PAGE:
18th Century mentality in the 21st Century

Hendrik Segers hendrik.segers at RUG.AC.BE
Fri Nov 16 12:57:17 CST 2001

Dear Doug, Robin, colleagues:

Doug Yanega wrote:
> Though this is probably an unpopular thing to say, I believe it is
> absolutely necessary, for the future of our science, that we either
> establish or designate a single agency which will act as THE
> universal nomenclatural clearing-house; this will be the SOLE agency
> with which all new names must be registered, and it must also be
> empowered to review, publish, archive, and disseminate new
> *electronic* taxonomic works (in addition to the registration and
> archival functions of external publications). Done properly, this
> could be accomplished without even requiring authors to pay fees, and
> by simple natural selection would likely become the *primary* place
> for all new names to be published. Wouldn't you prefer to publish in
> a free journal which could make your work available to everyone on
> the entire web within 2 days of receiving the referee's final
> comments?

I agree with the sole, universal nomenclatural clearing-house, but
restricted to web-publications affecting nomenclature. The idea of a
registration agency for all published nomenclatural acts has been proposed
repeatedly in the past, but never made it past the drawing board in zoology.
In addition, I doubt whether it is necessary to attach an electronic journal
to it, as this is a different subject.  I suggest to stick to nomenclature,
that is, adhere to the "without infringing upon taxonomic judgement" clause
of the ICZN.

and Robin Panza wrote:
> That's a fine and noble thought, Doug, and I agree wholeheartedly in
> But who's going to pay the bills?  The ICZN/ICBN are essentially a bunch
> volunteers who establish policy and pass judgement in their spare time.
> have an organization empowered to do what you suggest will require several
> full-time (i.e., paid) staff (editors, webmasters, clerical staff), an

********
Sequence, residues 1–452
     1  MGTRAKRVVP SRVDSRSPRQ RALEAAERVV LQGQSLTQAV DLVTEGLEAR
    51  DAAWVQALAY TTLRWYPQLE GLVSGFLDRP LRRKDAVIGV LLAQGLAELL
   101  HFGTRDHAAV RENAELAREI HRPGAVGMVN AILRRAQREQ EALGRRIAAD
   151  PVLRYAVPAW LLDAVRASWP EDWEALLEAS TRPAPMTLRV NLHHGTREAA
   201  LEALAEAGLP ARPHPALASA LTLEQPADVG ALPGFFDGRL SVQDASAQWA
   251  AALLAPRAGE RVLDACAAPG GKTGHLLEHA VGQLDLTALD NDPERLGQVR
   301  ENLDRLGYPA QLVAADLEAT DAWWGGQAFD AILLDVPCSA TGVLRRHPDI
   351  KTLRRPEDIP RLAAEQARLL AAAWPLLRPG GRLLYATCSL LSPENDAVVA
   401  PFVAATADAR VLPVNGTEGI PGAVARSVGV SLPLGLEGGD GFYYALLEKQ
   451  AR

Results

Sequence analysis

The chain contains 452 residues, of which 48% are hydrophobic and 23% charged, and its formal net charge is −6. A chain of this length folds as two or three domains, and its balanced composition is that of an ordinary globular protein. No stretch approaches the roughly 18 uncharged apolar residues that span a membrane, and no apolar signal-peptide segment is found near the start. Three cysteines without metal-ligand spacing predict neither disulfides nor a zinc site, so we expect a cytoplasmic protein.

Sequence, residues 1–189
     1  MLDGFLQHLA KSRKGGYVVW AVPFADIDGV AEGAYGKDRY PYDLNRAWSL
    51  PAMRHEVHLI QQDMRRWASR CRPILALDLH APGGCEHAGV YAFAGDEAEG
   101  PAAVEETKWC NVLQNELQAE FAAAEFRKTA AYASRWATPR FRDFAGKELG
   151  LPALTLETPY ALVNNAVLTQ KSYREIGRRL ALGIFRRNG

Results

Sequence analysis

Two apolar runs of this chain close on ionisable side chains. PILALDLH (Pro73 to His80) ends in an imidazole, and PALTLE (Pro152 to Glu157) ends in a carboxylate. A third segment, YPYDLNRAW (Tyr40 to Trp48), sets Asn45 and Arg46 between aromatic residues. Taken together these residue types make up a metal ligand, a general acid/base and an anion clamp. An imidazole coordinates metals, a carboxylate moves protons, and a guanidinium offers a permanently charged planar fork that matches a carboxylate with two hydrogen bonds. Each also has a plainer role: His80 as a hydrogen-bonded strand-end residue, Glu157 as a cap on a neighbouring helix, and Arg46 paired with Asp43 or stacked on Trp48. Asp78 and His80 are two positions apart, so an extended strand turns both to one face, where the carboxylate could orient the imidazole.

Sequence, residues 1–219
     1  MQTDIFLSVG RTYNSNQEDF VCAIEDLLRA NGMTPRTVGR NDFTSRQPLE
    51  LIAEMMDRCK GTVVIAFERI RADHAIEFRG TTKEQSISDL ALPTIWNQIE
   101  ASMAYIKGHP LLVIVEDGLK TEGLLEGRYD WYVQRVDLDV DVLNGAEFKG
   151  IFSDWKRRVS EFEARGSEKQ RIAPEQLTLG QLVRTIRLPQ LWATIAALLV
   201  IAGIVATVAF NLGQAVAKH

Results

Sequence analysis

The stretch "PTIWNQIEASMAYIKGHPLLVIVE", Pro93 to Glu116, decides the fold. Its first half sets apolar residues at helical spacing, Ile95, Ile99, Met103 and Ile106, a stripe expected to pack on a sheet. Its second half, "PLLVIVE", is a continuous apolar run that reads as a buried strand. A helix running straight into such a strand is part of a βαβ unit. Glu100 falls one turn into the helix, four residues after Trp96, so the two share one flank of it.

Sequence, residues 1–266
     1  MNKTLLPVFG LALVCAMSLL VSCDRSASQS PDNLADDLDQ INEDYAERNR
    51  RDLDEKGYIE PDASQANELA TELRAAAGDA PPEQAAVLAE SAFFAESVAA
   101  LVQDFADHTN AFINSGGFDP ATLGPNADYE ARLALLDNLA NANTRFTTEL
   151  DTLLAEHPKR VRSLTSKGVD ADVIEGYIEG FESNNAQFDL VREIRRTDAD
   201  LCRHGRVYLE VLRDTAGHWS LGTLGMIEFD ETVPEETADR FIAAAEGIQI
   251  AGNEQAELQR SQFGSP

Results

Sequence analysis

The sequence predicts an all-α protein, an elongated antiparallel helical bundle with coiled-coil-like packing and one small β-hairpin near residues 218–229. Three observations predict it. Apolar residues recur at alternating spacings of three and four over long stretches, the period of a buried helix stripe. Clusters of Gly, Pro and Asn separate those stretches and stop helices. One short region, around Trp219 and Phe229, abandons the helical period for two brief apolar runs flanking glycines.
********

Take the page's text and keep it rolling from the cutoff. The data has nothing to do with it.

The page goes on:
> internet site (computer and access, both of which cost money), supplies
> archives, staff and supplies for upgrading those archives each time
> technology moves on, etc., etc., etc.  Who pays for all this?

That's indeed a major problem. However, let's identify the basic needs:
1) Registration of web-based publications. The ICZN could impose authors of
such publications to send an e-copy to the central registry - that's one
extra "criterion of publication", and/or "criterion of availability".
2) Storage of the information on a server (preferably more than one - never
put all the eggs in one basket) - how many musea and associated libraries
would be willing to do that? They're storing types now. These can (and do)
get lost as well, but the odds of loosing e-publication are probably lower,
as the information can be easily copied (not so easy with types...).
3) Distribution of copies, according to art. 8.6 of the ICZN
4) Feedback to authors of e-publications: return of information on when
their publication is registered (could be relevant to determine an official
publication date?), and where copies are deposited.
5) Preferably but not strictly necessary: feedback to users: an index list
of registered names/nomenclatural acts published in e-publications, and a
way to distribute e-copies of e-publications to interested users, on request
(freely downloadable  *.pdf or whatever?)
With mandatory registration restricted to web-publications, some staff and
computer infrastructure would still be required. However, I doesn't appear
to me that this would be an overwhelming quantity, although attracting funds
may still be a problem. What is suggested above is a service to authors
and/or e-journals, and could be charged to them - but would they be willing
to pay? Although (free) publication (on paper, or parchment, Chris? ;-))
would still exist as alternative, an ICZN imposing registration of names
with a single office, connected to ICZN, and charging for the registration,
could raise some eyebrows. Another pitfall at this point could be that
self-proclaimed official registration offices, eventually  treating
different taxonomic groups, start to proliferate - considering the
overwhelming diversity in zoology (and zoologists), this may very well end
up in chaos. To gain universal support, a registration agency, if it would
materialize, should therefore work with the same restraint, and be connected
with, the Int. Commission on Zool. Nomenclature.


Cheers, Hendrik.
Dr. H e n d r i k  S e g e r s
Lab. Animal Ecology, Zoogeography and Nature Conservation
Dept. Biology, Ghent University
K.L. Ledeganckstraat 35
B-9000 Gent Belgium

tel.: +32 (0) 9 264 52 54
fax: +32 (0) 9 264 53 43
e-mail: Hendrik.Segers at rug.ac.be

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